Got a new batch of pictures from a guy with whom I graduated high school, of the unofficial senior class reunion they had recently.
My old classmates at a restaurant, visiting. Not all of them, just the locals who could make it.
Once again, I was taken aback by seeing the images of folks I once knew, but forty-six years on. Reminded me of the Joe Walsh lyric:
Everybody's so different, I haven't changed ...
Not only wouldn't I not recognize them if I passed them on the street, I could barely recognize them with the names under the images, knowing who they are.
Geez, some of them look as old as my father. Time and sun and fried foods have wrought changes beyond my ability to see more than a ghost of who they were.
My wife and I shook our heads. "Is that Jay and Ray? Whoa." Or, "Yeah, I can see that's Carol, kinda ..."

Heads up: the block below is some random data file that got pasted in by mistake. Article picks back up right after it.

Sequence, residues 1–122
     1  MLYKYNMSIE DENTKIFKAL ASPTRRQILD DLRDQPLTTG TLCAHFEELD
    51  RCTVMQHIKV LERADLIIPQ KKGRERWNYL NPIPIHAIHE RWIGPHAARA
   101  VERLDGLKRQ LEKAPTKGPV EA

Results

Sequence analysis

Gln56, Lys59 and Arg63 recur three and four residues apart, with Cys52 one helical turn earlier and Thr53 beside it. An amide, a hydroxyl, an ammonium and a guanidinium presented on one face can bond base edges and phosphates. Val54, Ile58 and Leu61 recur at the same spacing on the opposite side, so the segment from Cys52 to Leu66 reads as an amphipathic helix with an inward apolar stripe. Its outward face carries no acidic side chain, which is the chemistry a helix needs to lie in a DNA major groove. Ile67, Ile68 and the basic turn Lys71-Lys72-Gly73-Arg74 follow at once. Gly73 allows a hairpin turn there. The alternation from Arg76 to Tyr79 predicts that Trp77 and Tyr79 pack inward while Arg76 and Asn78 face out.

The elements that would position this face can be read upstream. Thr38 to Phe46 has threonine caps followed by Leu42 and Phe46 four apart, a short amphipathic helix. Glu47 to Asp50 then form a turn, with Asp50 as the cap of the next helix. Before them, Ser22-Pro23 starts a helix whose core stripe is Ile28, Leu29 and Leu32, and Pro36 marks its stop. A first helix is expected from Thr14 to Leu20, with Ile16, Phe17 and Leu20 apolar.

Most of the ones who were there apparently haven't spent nearly as much time in the gym as they have at the dinner table. Lot of biscuit poisoning.
Subjectivity, of course, is a wonderful thing. Allows us to look into the mirror and see things an objective viewer misses.
When they come up with a camera that takes pictures of you that show how you think you look? They won't be able to keep that one on the shelves. Portrait painters knew this. One of my favorite cartoons, dunno where I saw it, has a painter doing a nude study of a male patron. The painter says, "How ... ah ... heroic do you want to look ... ?"
Oh, well. Keep on truckin' ...